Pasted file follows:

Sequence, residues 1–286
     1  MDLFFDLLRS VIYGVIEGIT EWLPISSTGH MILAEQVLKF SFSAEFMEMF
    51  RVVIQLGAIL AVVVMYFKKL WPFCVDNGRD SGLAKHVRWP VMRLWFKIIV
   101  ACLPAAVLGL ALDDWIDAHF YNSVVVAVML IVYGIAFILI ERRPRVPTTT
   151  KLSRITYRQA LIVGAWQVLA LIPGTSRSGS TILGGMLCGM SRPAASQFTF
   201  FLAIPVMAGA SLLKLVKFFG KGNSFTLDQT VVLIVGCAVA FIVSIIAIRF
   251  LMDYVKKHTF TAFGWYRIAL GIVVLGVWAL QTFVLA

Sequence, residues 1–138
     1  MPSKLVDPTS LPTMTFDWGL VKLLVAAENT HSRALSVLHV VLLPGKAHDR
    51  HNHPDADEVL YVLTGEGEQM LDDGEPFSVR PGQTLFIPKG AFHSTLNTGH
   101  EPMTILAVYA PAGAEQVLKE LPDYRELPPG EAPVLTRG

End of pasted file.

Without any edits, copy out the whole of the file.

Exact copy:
Sequence, residues 1–286
     1  MDLFFDLLRS VIYGVIEGIT EWLPISSTGH MILAEQVLKF SFSAEFMEMF
    51  RVVIQLGAIL AVVVMYFKKL WPFCVDNGRD SGLAKHVRWP VMRLWFKIIV
   101  ACLPAAVLGL ALDDWIDAHF YNSVVVAVML IVYGIAFILI ERRPRVPTTT
   151  KLSRITYRQA LIVGAWQVLA LIPGTSRSGS TILGGMLCGM SRPAASQFTF
   201  FLAIPVMAGA SLLKLVKFFG KGNSFTLDQT VVLIVGCAVA FIVSIIAIRF
   251  LMDYVKKHTF TAFGWYRIAL GIVVLGVWAL QTFVLA

Sequence, residues 1–138
     1  MPSKLVDPTS LPTMTFDWGL VKLLVAAENT HSRALSVLHV VLLPGKAHDR
    51  HNHPDADEVL YVLTGEGEQM LDDGEPFSVR PGQTLFIPKG AFHSTLNTGH
   101  EPMTILAVYA PAGAEQVLKE LPDYRELPPG EAPVLTRG